In 1894 and 1895, at the time the Lawrences moved to 122 Commonwealth, the Bishop's mother-in-law, Sarah (Parker) Cunningham, lived with them, probably taking care of their children (their daughter, Elinor, was born in January of 1894). She subsequently moved to 357 Marlborough Street, and then in 1901 purchased 124 Commonwealth, next door to the Lawrences, where she lived until her death in 1913.
The Lawrences lived at 122 Commonwealth for the rest of their lives. The Boston house was their winter home. They spent the spring and fall in Cambridge (until 1911) or Readville/Milton (from 1913), and the summer at Mount Desert in Bar Harbor, Maine.
In February of 1907, Bishop Lawrence received permission to install a 8 foot by 4 foot, one story brick "heater house" at the rear of the property. In April of 1913, he received permission to make modifications to the interior of the garage at the rear of the house (the former stable, which, by that time, had been converted into a three car garage). The garage was said to be 36 feet wide (wider than the house), 25 feet deep, and 12 feet high. In a subsequent permit application, in 1915, it was said to be 30 feet wide, 24 deep, and 16 feet high.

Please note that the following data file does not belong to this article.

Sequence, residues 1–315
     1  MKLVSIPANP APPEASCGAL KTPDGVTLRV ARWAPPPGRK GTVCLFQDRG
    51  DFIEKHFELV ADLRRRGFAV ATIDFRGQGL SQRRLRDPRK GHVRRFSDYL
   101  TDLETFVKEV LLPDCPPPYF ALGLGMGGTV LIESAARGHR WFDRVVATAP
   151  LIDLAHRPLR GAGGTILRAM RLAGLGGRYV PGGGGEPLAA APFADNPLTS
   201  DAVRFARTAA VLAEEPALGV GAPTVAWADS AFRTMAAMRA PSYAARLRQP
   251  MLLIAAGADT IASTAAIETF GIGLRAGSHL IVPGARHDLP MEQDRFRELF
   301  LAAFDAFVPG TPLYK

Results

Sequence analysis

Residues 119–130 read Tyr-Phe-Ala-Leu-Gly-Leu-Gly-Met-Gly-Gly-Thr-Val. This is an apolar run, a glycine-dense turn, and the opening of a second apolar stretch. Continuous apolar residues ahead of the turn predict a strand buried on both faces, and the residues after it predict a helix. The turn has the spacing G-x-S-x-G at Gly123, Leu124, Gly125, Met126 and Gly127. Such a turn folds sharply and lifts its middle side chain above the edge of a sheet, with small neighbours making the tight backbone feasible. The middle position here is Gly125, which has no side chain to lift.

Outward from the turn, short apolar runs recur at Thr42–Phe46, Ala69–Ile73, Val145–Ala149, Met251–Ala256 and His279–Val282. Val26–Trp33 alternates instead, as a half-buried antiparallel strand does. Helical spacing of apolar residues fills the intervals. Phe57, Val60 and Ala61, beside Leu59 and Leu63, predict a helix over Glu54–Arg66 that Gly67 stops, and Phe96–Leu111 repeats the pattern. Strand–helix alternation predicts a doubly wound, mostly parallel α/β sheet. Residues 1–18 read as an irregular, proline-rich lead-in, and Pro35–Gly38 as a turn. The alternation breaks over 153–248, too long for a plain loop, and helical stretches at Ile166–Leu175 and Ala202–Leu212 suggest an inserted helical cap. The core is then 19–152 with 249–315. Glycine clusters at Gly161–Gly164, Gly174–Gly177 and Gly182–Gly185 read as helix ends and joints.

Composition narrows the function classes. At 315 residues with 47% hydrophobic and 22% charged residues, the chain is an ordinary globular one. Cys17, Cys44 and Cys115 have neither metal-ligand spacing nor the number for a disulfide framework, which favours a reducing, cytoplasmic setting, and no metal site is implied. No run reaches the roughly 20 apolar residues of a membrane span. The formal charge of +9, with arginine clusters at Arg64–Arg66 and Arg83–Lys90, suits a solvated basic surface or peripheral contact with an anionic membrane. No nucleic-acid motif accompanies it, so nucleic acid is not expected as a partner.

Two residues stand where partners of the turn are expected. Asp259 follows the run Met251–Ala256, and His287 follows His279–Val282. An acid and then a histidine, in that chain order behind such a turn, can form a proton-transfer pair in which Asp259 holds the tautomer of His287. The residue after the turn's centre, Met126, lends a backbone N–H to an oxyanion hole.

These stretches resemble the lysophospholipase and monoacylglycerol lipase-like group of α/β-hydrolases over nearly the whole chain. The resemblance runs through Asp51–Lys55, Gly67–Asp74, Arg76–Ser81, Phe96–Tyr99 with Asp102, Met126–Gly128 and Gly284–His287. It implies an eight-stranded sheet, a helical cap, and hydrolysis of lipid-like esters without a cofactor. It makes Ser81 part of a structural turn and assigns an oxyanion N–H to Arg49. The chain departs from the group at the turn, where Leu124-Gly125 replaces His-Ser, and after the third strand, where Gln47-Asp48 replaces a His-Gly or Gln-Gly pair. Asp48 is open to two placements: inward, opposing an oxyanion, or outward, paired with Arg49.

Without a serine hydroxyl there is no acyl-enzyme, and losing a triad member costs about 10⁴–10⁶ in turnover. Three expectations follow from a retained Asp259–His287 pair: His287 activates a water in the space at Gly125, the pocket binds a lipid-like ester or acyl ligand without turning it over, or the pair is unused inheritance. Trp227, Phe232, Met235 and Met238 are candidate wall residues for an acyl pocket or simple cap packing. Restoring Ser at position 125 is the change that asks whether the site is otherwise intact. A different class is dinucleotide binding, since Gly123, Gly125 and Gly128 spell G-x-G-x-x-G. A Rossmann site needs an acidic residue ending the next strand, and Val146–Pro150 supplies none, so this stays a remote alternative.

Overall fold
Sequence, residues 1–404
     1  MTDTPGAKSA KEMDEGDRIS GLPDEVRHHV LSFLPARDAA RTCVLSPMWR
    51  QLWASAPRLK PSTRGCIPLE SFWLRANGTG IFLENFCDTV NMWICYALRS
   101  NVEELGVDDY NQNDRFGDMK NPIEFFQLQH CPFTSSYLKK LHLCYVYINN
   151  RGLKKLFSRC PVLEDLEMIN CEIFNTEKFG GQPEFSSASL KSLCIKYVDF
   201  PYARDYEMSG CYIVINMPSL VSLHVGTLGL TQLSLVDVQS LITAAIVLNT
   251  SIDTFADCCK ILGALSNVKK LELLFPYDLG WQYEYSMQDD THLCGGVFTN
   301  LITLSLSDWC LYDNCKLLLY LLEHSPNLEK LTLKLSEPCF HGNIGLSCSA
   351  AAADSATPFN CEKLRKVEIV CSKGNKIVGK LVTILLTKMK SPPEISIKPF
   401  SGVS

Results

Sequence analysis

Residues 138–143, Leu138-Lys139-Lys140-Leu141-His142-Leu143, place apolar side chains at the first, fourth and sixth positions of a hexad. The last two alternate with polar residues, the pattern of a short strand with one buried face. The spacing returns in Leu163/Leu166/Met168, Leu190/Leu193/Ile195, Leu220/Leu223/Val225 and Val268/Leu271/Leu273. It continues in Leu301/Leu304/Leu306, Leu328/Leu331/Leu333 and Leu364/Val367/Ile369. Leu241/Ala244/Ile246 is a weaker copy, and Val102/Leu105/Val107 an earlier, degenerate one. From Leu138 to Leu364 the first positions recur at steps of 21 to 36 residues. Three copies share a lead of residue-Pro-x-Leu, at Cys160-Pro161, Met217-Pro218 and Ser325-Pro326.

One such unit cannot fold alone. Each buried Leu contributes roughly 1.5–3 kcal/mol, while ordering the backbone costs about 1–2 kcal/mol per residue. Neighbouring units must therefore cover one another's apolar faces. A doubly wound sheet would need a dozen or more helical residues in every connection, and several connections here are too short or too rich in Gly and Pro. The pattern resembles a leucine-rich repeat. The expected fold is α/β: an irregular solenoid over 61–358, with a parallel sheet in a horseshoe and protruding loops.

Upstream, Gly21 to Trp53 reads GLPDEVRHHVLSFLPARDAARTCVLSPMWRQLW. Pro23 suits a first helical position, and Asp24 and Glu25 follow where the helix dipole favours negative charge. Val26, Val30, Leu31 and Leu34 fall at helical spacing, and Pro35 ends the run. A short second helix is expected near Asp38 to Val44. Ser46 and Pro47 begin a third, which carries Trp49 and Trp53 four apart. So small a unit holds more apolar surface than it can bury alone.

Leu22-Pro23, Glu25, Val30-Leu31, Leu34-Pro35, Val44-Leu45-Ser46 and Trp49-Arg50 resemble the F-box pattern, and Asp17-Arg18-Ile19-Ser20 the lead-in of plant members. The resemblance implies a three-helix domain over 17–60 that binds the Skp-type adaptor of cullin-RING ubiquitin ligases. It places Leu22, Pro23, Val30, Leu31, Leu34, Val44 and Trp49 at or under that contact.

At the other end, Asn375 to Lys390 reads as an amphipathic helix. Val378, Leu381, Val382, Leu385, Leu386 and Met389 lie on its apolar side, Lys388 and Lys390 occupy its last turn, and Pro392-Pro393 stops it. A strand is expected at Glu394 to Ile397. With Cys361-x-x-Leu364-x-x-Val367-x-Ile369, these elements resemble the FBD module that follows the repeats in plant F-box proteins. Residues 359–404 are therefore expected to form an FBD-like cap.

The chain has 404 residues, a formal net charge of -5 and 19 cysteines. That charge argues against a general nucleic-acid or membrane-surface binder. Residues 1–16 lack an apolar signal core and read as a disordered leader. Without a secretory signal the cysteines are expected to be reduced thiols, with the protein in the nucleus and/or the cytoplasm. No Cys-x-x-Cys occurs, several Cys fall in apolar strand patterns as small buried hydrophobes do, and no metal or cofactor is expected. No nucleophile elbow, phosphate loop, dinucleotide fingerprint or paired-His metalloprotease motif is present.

Julia Lawrence died in September of 1927. After her death, Bishop Lawrence retained his homes in Boston, Bar Harbor, and Readville. Bishop Henry Knox Sherrill, in William Lawrence: Later Years of a Happy Life, notes: "At one time he had considered making 122 Commonwealth Avenue, his Boston home, into apartments, but finally decided to keep the house as a family center. Miss Mary Cunningham, Mrs. Lawrence's niece, 'Polly,' came to live with him in the winter, an arrangement which brought great happiness to both of them."
In 1929, he agreed to have an elevator installed at 122 Commonwealth. He disdained using it until the mid-1930s, however. According to Cleveland Amory's The Proper Bostonians, the "Bishop liked to move right along, even up stairs, and it took an attack of whooping cough, at the age of eighty-five -- of which a friend recalled that it 'delighted' him to be the oldest person on record to have the disease -- to make him use the elevator his family had installed in his four-story home" (Amory's anecdote implies the elevator ran between all floors; however, the Boston permit records indicate that it was installed only between the first and second stories).